In This Article
- Previous research has theorized that light alcohol consumption benefits heart health
- A large cohort study, led by Massachusetts General Hospital and the Broad Institute, now challenges this theory
- By analyzing genetic variant data from the UK Biobank and Mass General Brigham Biobank, the team discovered an exponential relationship between alcohol intake and cardiovascular disease risk
- Heart health benefits observed in light to moderate drinkers may be attributed to other lifestyle factors
A common theory emerged from previous observational research which suggested that light alcohol consumption benefits heart health. A new study led by a team of researchers from Massachusetts General Hospital and the Broad Institute of MIT and Harvard now challenges this theory.
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The study, published in JAMA Network Open, was led by Krishna G. Aragam, MD, MS, preventative cardiologist at Mass General, and Kiran J. Biddinger of the Broad Institute. The team's findings suggest that heart-related health benefits found in light to moderate drinkers may actually be attributed to other lifestyle factors.
The team studied a large cohort of 371,463 adults from the UK Biobank, with an average age of 57 and an average 9.2 alcoholic drinks consumed per week. This study utilized Mendelian randomization, an advanced technique that analyzes genetic variants to determine the causal effect of an exposure or outcome based on observation, to determine whether light alcohol consumption causes a person to be protected against cardiovascular disease, or if other factors are at play.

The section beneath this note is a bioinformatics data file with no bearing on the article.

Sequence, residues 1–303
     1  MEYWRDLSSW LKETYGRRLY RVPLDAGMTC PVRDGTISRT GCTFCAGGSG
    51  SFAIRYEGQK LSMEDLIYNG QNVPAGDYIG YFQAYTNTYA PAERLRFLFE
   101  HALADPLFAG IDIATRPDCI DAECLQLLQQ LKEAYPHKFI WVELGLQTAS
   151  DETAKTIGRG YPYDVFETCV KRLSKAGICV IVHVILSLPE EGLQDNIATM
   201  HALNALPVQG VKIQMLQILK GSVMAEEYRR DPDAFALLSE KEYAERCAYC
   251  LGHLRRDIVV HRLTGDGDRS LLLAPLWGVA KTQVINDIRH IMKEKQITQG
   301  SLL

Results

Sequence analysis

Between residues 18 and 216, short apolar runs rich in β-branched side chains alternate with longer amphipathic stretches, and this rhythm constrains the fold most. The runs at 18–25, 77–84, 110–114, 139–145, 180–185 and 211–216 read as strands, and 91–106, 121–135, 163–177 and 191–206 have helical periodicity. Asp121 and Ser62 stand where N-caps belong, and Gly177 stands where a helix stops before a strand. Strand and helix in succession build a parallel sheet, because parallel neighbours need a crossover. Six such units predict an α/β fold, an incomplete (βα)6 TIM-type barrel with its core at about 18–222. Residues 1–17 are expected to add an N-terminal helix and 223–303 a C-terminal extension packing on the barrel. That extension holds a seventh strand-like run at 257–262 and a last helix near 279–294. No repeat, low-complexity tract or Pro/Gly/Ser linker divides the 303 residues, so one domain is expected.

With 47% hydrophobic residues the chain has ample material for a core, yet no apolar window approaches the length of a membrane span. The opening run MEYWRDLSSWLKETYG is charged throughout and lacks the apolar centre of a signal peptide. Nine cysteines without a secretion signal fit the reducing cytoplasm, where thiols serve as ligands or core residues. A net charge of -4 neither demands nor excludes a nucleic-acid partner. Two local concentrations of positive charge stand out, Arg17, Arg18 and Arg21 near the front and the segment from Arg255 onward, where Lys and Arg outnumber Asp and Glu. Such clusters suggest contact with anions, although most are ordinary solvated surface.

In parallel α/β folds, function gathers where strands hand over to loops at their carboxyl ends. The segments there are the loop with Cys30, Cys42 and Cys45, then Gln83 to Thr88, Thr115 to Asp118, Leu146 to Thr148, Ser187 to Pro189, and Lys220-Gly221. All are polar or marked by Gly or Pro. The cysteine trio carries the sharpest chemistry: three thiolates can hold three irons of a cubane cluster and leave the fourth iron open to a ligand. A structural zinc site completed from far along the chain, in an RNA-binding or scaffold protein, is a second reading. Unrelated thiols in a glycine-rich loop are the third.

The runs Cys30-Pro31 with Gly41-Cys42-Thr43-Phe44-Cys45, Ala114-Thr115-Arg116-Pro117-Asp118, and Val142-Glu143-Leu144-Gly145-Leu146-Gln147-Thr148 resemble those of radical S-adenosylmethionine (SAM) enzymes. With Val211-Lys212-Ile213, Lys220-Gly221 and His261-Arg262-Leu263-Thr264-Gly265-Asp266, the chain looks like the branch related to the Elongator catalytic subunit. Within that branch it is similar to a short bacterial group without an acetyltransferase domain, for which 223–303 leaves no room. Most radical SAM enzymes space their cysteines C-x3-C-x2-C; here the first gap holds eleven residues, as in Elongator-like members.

Their initial findings were consistent with previous research. Participants with genetic variants that predicted higher alcohol consumption were more likely to consume greater amounts of alcohol, as well as have a higher risk of hypertension and coronary artery disease.
The genetic analyses revealed differences in cardiovascular risk across the levels of alcohol consumption. A progression from zero to seven drinks per week had a minimal increase in risk, but progressing from seven to 14 weekly drinks had a much higher risk increase, and even more so when consuming 21 drinks or more per week. The findings also indicated a higher risk of heart disease even at levels deemed "low-risk"—less than two drinks per day for men and one drink per day for women—by the U.S. Department of Agriculture.
The team observed that light to moderate drinkers tended to lead healthier lifestyles than those who abstain from drinking, including more physical activity, greater vegetable intake and less smoking. These lifestyle factors significantly lowered any benefits associated with alcohol consumption.
An additional analysis of 30,716 adults from the Mass General Brigham Biobank supported the discovery of an exponential relationship between alcohol intake and cardiovascular risk. These results suggest that reducing the consumption of alcohol could provide substantial health benefits for heavier drinkers. In order to reduce cardiovascular disease risk in all individuals, regardless of one's level of alcohol consumption, a reduction in alcohol intake is recommended.
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